Big Data // Big Data Analytics
News
10/8/2008
02:45 PM
Connect Directly
LinkedIn
Twitter
Google+
RSS
E-Mail
50%
50%

Google Begins Testing AdSense For Games

To be eligible, publishers must generate a minimum of 500,000 game plays per day and receive at least 80% of their traffic from the U.S. or the U.K.

Google on Wednesday began offering a limited number of online game publishers the opportunity to earn ad revenue by participating in a beta test of its AdSense advertising program for games.

"As a beta user of AdSense for Games, you can display video ads, image ads, or text ads within your online games to earn revenue," Google ad product marketing manager Ryan Hayward said in a blog post. "You'll be able to show these ads in placements you define, such as interstitial frames before a game, after a level change, or when a game is over. Members of our AdWords team will sell your in-game ad placements directly to top brand advertisers, and you'll also see contextually targeted text and image ads based on content and demographic information."

The beta test is open only to established game publishers. To be eligible, publishers must generate a minimum of 500,000 game plays per day and receive at least 80% of their traffic from the U.S. or the U.K. At some point in the future, the program is likely to open to less successful game publishers.

According to a study commissioned by Massive, the in-game ad company that Microsoft bought in 2006, gamers like in-game ads if they're done tastefully. It remains to be seen how modern brands can be tastefully promoted in nonmodern environments like Blizzard's World Of Warcraft. For casual Web-based games, however, this shouldn't be an issue.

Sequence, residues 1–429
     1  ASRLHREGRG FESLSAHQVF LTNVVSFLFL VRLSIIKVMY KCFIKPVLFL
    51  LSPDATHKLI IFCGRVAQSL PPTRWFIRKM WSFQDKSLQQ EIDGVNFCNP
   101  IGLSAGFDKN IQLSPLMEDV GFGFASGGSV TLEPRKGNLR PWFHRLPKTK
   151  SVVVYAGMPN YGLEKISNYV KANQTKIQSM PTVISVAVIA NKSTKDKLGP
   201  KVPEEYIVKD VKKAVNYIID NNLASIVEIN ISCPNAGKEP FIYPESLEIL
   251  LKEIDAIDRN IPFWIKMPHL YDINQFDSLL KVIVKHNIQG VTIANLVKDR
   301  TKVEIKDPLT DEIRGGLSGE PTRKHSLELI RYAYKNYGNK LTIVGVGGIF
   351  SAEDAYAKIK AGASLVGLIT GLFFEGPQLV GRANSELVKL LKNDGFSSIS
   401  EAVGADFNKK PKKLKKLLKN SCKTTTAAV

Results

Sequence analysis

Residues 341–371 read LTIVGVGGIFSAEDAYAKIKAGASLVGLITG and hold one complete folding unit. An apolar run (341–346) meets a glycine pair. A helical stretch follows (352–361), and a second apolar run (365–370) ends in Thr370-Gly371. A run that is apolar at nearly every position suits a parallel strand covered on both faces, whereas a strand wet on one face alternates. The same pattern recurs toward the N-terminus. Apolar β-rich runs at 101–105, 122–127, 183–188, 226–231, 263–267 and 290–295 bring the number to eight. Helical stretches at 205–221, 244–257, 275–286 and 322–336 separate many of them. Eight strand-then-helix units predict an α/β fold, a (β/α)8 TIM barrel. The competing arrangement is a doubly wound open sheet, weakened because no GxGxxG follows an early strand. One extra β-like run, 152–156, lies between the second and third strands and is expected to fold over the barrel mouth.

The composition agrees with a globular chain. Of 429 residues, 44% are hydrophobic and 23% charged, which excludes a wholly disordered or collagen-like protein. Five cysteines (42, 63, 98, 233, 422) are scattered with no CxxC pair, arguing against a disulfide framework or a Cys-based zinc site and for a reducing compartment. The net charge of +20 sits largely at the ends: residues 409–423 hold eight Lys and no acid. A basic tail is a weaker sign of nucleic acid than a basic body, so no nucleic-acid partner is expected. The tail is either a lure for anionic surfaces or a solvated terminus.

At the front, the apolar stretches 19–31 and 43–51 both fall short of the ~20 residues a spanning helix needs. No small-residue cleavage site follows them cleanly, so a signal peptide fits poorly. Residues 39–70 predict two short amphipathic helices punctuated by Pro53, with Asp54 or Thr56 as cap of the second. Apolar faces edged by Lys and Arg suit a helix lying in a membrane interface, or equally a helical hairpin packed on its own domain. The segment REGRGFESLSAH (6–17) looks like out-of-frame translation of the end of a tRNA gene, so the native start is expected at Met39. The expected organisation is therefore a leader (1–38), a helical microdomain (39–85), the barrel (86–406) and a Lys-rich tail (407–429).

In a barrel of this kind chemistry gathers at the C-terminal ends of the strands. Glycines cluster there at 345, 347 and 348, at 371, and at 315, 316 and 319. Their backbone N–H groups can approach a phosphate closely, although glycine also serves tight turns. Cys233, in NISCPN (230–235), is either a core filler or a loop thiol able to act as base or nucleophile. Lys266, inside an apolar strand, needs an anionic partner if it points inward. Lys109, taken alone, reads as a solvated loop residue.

Google answered Microsoft's acquisition of Massive in March 2007 when it announced that it had acquired Adscape Media, another in-game advertising company, for an undisclosed sum. The beta testing of AdSense for Games represents the first fruit of that deal.

The Yankee Group last year said that global advertising in video games reached $77.7 million in 2006. It predicted that figure will reach $971.3 million by the end of 2011. Such numbers, however, seem optimistic in light of the current global financial crisis.

Comment  | 
Print  | 
More Insights
6 Tools to Protect Big Data
6 Tools to Protect Big Data
Most IT teams have their conventional databases covered in terms of security and business continuity. But as we enter the era of big data, Hadoop, and NoSQL, protection schemes need to evolve. In fact, big data could drive the next big security strategy shift.
Register for InformationWeek Newsletters
White Papers
Current Issue
InformationWeek Must Reads Oct. 21, 2014
InformationWeek's new Must Reads is a compendium of our best recent coverage of digital strategy. Learn why you should learn to embrace DevOps, how to avoid roadblocks for digital projects, what the five steps to API management are, and more.
Video
Slideshows
Twitter Feed
InformationWeek Radio
Archived InformationWeek Radio
A roundup of the top stories and trends on InformationWeek.com
Sponsored Live Streaming Video
Everything You've Been Told About Mobility Is Wrong
Attend this video symposium with Sean Wisdom, Global Director of Mobility Solutions, and learn about how you can harness powerful new products to mobilize your business potential.